Jens Casper interviewed by Rory MacLean
‘I grew up in Cologne,’ he told me, striding through Berlin’s autumnal streets. ‘Its city centre was being transformed in the early 1980s. Road tunnels were built to give people access to the Rhine. The philharmonic hall was buried underground. The bus station was removed. I loved walking through the city, watching the dynamic change between the medieval cathedral and the new Ludwig Museum, taking in the whole urban situation.’
The energetic and boyish 42-year-old, chosen by Wallpaper in 2007 as one of the world’s most exciting new architects, dragged on his Players cigarette.
‘That architectural intervention marked me, leaving me forever fascinated with the process of working the new into the old.’
He laughed, pushed back his hair and strode on.
Jens Casper trained at the Technical University in Aachen, moving to Berlin when his wife was pregnant with their first child. Money was tight and he found work at a practice in Potsdam. One day the art collector and advertising wunderkind Christian Boros stopped by the office, inviting Casper and his boss to transform a vast World War Two bomb shelter into an art gallery in trendy Berlin-Mitte.
‘After submitting detailed plans we heard nothing back from him,’ Casper explained to me. ‘Later when I decided to leave the Potsdam practice Boros called out of the blue and said, “Jens, I want to do this project with you”.’
In 2003 Casper founded Realarchitekur with colleagues Petra Petersson and Andrew Strickland.
‘We named the firm Realarchitekur in defiance of the trend of architecture based on single, simple ideas. We wanted our work to relate to hard reality, and to have relevance beyond rarefied, pseudo academic discourse.’
Their Boros project became one of the most remarkable architectural transformations in Germany. The vast bunker had been built in 1943 to protect up to 3,000 people from Allied air raids. During the Cold War it had been used to store fruit and vegetables for the East German government and then, after the fall of the Wall, it served as a hardcore techno nightclub. Over five years Casper and his team worked to recreate the building, removing 5,300 cubic feet of poured concrete (including a huge slab of the ten-foot-thick bomb proof ceiling), transforming the original 120 rooms into 80 galleries, adapting it to the modern age while preserving its monumental character.
‘The bunker had such intensity. It had been built by forced labour of course and we debated whether to erect a plaque or pierce its concrete shell with something symbolic, an arrow or similiar. But we realised that the whole structure was the memorial. We worked with these dark age materials.’
Today the gallery – which is open to the public by appointment – is Berlin’s most idiosyncratic art space. The current, inaugural exhibition is of works which incorporate the bunker space itself: sculptures, room and light installations as well as performance pieces.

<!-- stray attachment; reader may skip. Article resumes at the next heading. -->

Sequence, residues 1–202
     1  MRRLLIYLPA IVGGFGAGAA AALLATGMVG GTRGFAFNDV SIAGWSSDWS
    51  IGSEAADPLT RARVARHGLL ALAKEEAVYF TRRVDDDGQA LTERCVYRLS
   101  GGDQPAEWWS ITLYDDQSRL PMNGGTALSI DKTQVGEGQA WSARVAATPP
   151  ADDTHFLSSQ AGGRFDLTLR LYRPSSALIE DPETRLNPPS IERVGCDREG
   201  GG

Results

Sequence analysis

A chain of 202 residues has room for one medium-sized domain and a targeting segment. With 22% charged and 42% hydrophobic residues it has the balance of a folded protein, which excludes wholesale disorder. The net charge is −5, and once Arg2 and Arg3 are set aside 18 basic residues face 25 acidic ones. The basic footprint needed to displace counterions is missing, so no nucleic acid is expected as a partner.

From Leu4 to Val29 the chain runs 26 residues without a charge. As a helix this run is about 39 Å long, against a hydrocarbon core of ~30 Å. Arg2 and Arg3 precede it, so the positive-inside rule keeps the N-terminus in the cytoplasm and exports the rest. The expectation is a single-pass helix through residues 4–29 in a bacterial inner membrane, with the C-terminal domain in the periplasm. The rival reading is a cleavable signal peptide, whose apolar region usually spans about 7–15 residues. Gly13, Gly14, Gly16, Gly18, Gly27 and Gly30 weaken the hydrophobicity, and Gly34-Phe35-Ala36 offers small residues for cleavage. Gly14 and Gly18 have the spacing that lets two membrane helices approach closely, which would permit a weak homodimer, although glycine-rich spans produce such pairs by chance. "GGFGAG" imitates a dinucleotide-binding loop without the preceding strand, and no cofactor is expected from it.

On top of the bunker Casper created a gallery-like, single floor, 4,800 square foot penthouse, surrounded by glass and accessible only by a private elevator. To date the project has won the International Architecture Award, the Chicago Athenaeum Prize and the Deutscher Architekturpreis Beton. It has also been nominated for the Mies van der Rohe Award.
‘Architecture is about dialogue, not only with a client but also with a structure, its history and the environment,’ said Casper, striding on through the city. ‘I don’t work with a Mont Blanc pen, scribble off a single idea then pass it to an office full of apprentices to develop. I talk to my clients, walk a site dozens of times, make hundreds of drawings and models. I’m always testing my plans, letting new elements change the whole design. I love dealing with materials, drawing them together, puzzling out solutions. It’s tremendously challenging and very, very time-consuming.’
Since the bunker project, Casper has worked independently on the conversion of a 19th-century pumping station, built a breathtaking private home in Oldenburg (winner of the triennal BDA Preis Niedersachsen) and configured a luxury Miami apartment for a famous family of art collectors and book publishers.
‘Sometimes a limo pulls up outside my office, and a celebrity or a London gallery owner – who’s seen the Boros Gallery – spends the day with me talking through their plans. Then they drive away and, maybe, I’ll hear from them again.’
Casper – who has three children now and lives in a ‘baugruppe’ (a kind of housing cooperative) in Lichtenberg - revels in the new, dynamic Berlin.
‘Berlin is at the very front of experimentation and improvisation,’ he said. ‘The economic and physical space here facilitates real opportunities for creative people.’
These days creativity is woven into Berlin’s fabric. The city is being transformed by artists, collectors, curators and gallery owners. Casper is fascinated by the complex relationships between it and its cultural production. He works at ‘making sense’ of Berlin’s gigantic empty spaces (that is, the voids left by war and the Wall). It’s no coincidence that Libeskind, Frank Gehry, Zaha Hadid, John Hejduk and other great modern architects built their first – or an early -- public commission in Berlin. Unfortunately the ‘poor but sexy’ city is bankrupt and most of its civic projects place utility above individualism.
Despite the difficulties Casper loves working in Berlin. ‘So much of the city is calling out for reinterpretation,’ he said, his blue eyes sparkling. ‘I find it more interesting to interact with a city than a single building on a green field site. Cities always offer the opportunity of discovery; walk through a narrow door and you can be in another world.’
He dragged on his cigarette and pushed back his wild hair again. ‘But I still have a great affinity with Cologne. Every time I return home I take my favourite, old walks. In I way I left my heart in the city.’
Then with another laugh he strode away.